For example, take the Otaru onsen case (1993-2005), which revolved around “Japanese only” signs barring entry to hot springs in Otaru, Hokkaido, to anyone who didn’t “look Japanese” enough (including this writer). Only one major Japanese media source, out of hundreds that reported on it, referred to jinshu sabetsu as an objective fact of the case (rather than reporting it as one side’s claim) — even after both the Sapporo district and high courts unequivocally adjudged it as such.

Public discourse still shies away from the term. That is why the reaction to the “Japanese only” banner displayed at the Urawa Reds soccer game in March was such a landmark. After initial wavering (and the probable realization that the World Cup was approaching), the team’s management, the J. League and the media in general specifically called it out as jinshu sabetsu, then came down on it with unprecedented severity.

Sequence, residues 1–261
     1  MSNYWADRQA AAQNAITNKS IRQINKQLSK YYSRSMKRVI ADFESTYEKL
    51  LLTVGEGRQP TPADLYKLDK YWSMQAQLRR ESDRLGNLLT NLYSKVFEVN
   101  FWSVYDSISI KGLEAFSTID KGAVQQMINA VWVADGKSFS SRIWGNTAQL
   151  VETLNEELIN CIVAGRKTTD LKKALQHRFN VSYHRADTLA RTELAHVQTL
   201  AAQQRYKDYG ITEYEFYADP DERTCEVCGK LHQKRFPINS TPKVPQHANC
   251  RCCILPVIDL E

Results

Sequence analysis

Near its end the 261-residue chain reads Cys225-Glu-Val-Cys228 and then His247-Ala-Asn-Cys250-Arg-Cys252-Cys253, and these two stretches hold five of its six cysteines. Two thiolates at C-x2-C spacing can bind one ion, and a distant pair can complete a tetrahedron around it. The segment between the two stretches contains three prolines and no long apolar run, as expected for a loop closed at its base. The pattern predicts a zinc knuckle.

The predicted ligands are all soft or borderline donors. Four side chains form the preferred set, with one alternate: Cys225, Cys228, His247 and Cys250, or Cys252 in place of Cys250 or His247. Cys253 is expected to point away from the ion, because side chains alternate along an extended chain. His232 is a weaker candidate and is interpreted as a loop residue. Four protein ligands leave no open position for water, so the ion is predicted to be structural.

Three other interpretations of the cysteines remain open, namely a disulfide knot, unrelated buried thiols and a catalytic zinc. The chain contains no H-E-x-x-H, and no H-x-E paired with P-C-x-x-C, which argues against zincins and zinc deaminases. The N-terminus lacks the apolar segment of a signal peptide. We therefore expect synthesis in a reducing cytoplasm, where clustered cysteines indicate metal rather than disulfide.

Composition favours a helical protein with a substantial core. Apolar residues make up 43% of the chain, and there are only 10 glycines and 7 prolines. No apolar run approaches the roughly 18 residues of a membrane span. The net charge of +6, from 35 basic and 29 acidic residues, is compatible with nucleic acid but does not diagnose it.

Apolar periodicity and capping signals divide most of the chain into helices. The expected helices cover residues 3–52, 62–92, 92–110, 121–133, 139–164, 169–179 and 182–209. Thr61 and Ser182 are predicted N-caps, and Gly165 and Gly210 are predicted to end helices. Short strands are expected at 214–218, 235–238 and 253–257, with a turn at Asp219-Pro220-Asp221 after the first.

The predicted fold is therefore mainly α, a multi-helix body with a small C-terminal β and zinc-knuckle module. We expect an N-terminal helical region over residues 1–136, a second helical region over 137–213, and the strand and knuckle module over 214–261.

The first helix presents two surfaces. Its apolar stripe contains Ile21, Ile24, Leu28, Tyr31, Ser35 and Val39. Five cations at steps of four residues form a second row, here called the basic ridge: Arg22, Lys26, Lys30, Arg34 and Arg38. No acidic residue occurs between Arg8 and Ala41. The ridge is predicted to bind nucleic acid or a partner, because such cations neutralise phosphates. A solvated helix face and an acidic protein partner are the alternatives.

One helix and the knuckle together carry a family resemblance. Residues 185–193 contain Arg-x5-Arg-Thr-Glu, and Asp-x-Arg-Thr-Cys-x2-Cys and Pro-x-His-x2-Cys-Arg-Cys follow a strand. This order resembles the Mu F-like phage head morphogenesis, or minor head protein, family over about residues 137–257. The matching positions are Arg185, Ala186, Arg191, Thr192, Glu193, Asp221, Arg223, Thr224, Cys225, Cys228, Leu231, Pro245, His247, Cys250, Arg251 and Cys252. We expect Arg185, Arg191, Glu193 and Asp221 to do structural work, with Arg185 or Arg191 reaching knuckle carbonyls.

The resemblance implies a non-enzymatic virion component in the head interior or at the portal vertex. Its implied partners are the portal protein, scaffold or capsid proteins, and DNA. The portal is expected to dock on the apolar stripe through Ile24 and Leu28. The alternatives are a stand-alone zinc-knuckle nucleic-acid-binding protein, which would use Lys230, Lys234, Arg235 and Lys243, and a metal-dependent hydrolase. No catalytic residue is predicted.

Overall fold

Bravo. Thank you. But so far, it’s the exception that proves the rule.

This see-no-evil attitude even affects scholarship on Japan, as I discovered during my doctoral dissertation literature review. Within the most-cited sources reviewing discrimination in Japan, not one listed “skin color” as among Japan’s discriminatory stigmata, or included RD as a factor (calling it instead discrimination by nationality, ethnicity, ingrained cultural practice, etc.). Indicatively, none of them (except some obscure law journal articles) mentioned the Otaru onsen ruling either.

Now peer into Japan’s education system. Jinshu sabetsu happens anywhere but Japan. The prototypical examples are the American South under segregation and apartheid-era South Africa. But homogeneous Japan, the argument runs, has no races, therefore it cannot logically practice racial discrimination. (Again, the Otaru onsen ruling disproves that. But, again, see no evil.)

So why can’t Japan own up? Because RD inflicts such deep psychological wounds that whole societies do irrational, paranoid and crazy things.